Lefebvre (1991) states that as telecommunication networks begin to saturate the physical environment, this will result in a period of social transformation which is characterized by the capacity to effect one's daily life, language, and space (p. 54). Global structuring, with its different allegiances and arrangements of information, capital, time, and space, is forcing educators to consider new concepts in curriculum visioning for the next century (O'Riley, 1996, p1). These developments and trends are changing the texture of developing countries, but will they impact the continent of Africa with the same positive force for change? Africa has been described as a land of radical scarcity and the commonwealth of poverty because virtually all African countries have a problem meeting the subsistence needs of their citizens; can they realistically access electronic-mediated instruction (Agunga, 1997, p. 2)?
The problem of developing electronic-mediated instruction in Africa has many related issues
(a) leap-frogging technology often results in short-lived gains, (b) inadequate venture capital results in economic dependency, (c) inadequate infrastructure to support new technology makes for an unstable platform for development, and (d) integration of Western values and culture often conflict with African ideology. Africa wants technological developments because they have heard that telecommunications has proven to be an important engine of economic development (PR Newswire, 1998, p. 1) and without access to technology, Africa will become disenfranchised or marginalized from full participation in a global society (National Commission on Higher Education, 1997, p. 4).
Leap-frogging technology is when Africa moves from limited or outdated to state-of-art technology. Agunga (1997) states that leap-frogging is when Africa enters the information revolution when it hasn't even caught up with the industrial revolution (p. 2). A case in point is QUALCOMM's 70 million dollar contract to install a digital wireless system in the Democratic Republic of Congo (DRC) when presently there is no telephone system in the DRC (PR Newswire, 1998, p. 1). Leap-frogging technology in Africa is often motivated by boastful arrogance that lacks the resources and infrastructure to sustain these developments.
In 1996, a study reported that United States spent $9.5 billion in venture capital for information technology (Agunga, 1997, p. 6); this figure is more than the revenue of most African countries. Due to the fact that most African countries can't afford electronic-mediated instruction, Africa expects information rich countries will give information poor countries the essential technology and that creates a system of both political and economic dependency on the West. Agunga states, "it is a capitalistic exploitative venture designed to make the West the economic center of the World and the U.S. its metropolitan capital" (p.6). Africa thinks it's being empowered to enter the information age when in reality it has become a servant to the West.
If most electronic-mediated instruction depends on telecommunications, how can you develop new educational delivery systems without first developing the telecommunications?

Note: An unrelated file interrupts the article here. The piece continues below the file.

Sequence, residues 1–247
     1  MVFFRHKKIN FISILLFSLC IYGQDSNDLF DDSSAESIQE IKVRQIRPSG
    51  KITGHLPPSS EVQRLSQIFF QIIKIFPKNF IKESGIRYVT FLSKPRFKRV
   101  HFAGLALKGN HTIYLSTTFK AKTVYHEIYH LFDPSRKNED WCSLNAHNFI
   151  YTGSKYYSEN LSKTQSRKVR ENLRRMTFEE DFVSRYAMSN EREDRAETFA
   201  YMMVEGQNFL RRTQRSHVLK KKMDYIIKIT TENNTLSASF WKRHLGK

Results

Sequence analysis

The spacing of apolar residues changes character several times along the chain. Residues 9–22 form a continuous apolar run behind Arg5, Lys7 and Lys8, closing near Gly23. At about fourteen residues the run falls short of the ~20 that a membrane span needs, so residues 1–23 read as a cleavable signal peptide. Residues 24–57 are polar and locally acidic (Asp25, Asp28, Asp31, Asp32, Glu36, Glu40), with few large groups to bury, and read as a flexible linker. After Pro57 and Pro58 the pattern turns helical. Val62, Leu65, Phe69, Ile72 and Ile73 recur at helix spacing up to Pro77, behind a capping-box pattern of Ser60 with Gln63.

In Uganda, less than 50% of the communities have telephone service (Barlow, 1998, p. 50). It is the author's experience that the roads of Africa are littered with the grave yards of tractors because technological developments were introduced before trained personnel or the essential infrastructure were in place to sustain the new technology.
Developing electronic-mediated instruction via the Internet will open new gateways for Western ideology, values, and morality to be introduced to Africa. Traditional Africa cultural values, morality and traditions will be gradually broken down (Agunga, 1997 p.7). There is also the fact that Africa leaders in their pursuit of power often restrict sources of new information as another means of oppressing their people. The result of absorbing cutting edge technology is that traditional patterns are disregarded and new ways often lead to dysfunctional citizens who are empowered with unfamiliar tools that alienate them from their society.
Solutions that enable Africa to become a meaningful participant in a global society through utilization of electronic-mediated instruction must come on Africa's terms, timetable, and where talents exist that can maintain and sustain these new developments.
Barlow's (1998) recent tour of Africa left him with the conclusion that one makes the assumption that telecommunications needs to reach every office and home before good things can happen and that will not happen in Africa (p. 45). Full Internet access in Ghana costs $50/month which is $20 more than the average monthly salary of a Ghanaian (p. 46): only the rich can afford it. Agunga (1997) also believes that utilization of the Internet should first be introduced in higher, tertiary and basic education institutions (p. 2). New developments must be first instituted in countries like South Africa where the telecommunication infrastructure now exists. A wholesale transfer of cutting edge technology to Africa will not be sustained unless Africa feels the need and determines that it has the resources and personnel to develop or acquire new technology. Africa must decide what is appropriate technology for them and the latest technology may not be better for Africa (Barlow, p. 4). What works in the West or what Africa wants, isn't necessarily what Africa can afford or needs.
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